Ornithophilic (feeds on birds) mosquitoes belonging mainly to Culex species act as vectors for transmission of infection from infected birds to vertebrate hosts such as Cx.modestus (france),Cx.Vishnui complex(India and Pakistan), Cx univittatus complex(South Africa), Cx. pipiens pipiens(Romania, USA).
When Mosquitoes feed on an infected bird they become infected with the virus. The mosquitoes act as carriers (vectors) spreading the virus from an infected bird to other birds and to other animals. WNV is maintained in mosquito populations by transferring the infection through adults (mosquitoes) to eggs (vertical transmission).
Infection of other animals (e.g. horses, and also humans) is incidental to the cycle in birds since most mammals do not develop enough viruses in the bloodstream to spread the disease. They are “dead-end” hosts.
The virus may also be transmitted through contact with other infected animals, their blood, or other tissues.
A small proportion of human infections may be transmitted from organ transplant, blood transfusions and breast milk of infected person.
Various diagnostic tests are-
1. IgM antibody capture enzyme-linked immunosorbent assay (ELISA): IgM can be detected from cerebrospinal fluid (CSF) and serum specimens received from WNV infected patients at the time of their clinical presentation. Serum IgM antibody may persist for more than a year.
2. IgG antibody sero-conversion (or significant increase in antibody titers) in two serial specimen collected at a one week interval by enzyme-linked immunosorbent assay (ELISA);
3. Viral detection by reverse transcription polymerase chain reaction (RT-PCR) assay, and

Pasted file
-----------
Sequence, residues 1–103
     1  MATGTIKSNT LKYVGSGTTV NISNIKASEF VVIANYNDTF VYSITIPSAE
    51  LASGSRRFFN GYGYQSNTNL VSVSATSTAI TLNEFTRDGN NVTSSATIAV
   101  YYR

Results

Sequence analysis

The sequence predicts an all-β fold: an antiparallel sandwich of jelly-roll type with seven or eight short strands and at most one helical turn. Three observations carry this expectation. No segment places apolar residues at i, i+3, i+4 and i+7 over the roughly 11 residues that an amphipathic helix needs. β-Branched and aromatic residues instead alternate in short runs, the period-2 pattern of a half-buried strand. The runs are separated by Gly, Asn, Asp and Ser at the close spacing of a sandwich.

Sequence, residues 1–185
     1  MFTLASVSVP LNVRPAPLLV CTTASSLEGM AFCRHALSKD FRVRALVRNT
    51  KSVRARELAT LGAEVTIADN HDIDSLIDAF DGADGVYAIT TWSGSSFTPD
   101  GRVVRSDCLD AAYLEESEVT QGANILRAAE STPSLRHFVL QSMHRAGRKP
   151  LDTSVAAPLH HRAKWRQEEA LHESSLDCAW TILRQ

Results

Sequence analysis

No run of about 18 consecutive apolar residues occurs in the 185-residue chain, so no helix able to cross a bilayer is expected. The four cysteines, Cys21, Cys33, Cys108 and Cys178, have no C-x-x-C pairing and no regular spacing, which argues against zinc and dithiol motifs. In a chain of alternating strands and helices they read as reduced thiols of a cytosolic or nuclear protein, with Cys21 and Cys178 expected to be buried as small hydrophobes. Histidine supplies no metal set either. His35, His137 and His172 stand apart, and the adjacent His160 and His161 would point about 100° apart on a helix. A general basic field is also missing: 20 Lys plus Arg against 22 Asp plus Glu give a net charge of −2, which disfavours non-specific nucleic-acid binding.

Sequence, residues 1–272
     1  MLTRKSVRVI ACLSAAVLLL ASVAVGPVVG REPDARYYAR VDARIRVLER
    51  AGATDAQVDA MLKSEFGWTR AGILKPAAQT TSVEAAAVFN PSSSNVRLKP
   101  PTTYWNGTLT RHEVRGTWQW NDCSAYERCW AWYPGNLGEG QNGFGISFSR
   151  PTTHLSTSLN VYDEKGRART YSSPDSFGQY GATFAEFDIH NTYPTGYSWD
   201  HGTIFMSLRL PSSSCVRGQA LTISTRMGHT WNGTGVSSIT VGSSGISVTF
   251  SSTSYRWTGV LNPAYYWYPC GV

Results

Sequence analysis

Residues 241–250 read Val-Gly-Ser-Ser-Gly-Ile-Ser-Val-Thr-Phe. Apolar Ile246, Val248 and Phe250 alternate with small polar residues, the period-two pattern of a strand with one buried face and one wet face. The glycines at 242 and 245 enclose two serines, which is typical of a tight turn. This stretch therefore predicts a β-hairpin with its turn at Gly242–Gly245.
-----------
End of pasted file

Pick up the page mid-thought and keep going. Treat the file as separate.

4. Virus isolation by cell culture.
Specific antiviral treatment for West Nile virus infection is not available. In mild infection pain relievers can be used to reduce fever.
For patients with neuro-invasive West Nile virus infection treatment is supportive involving hospitalization, intravenous fluids, respiratory support, and prevention of secondary infections. No vaccine is available for humans.
West Nile encephalitis or meningitis or West Nile poliomyelitis: 1 in 150 persons infected with the West Nile virus will develop a more severe form of disease.
About 10 % of patients with neurologic complications may die.
Reducing the risk of infection in people-
Vaccine is not available for human use hence raising the awareness among population about the risk factors and educating people about measures they can take to reduce exposure to the virus are some ways to reduce infection in human population.
Transmission of disease from mosquitoes to humans can be prevented by encouraging the use of mosquito nets, personal insect repellent, by wearing light coloured clothing (long-sleeved shirts and trousers) and by avoiding outdoor activity at peak biting times. In residential areas mosquito breeding sites should be destroyed with the help of community participation.
Persons should wear gloves and other protective clothing while handling sick animals or their tissues, and during slaughtering and culling procedures, for prevention of animal to human transmission.
Blood and organ donation restrictions and laboratory testing should be considered at the time of the outbreak in the affected areas after assessing the local/regional epidemiological situation.
Vector control –
Integrated mosquito surveillance and control programmes in areas where the virus occurs are the measure for prevention of human WNV infections. Integrated control measures include source reduction (with community participation), water management, chemicals, and biological control methods.
Occurrence of infection in human cases is usually preceded by outbreaks in animals therefore active animal health surveillance system to detect new cases in birds and horses is essential as an early warning signal for veterinary and human public health authorities. In the Americas it is important to reporting dead birds to local authorities. Vaccines are available for horses.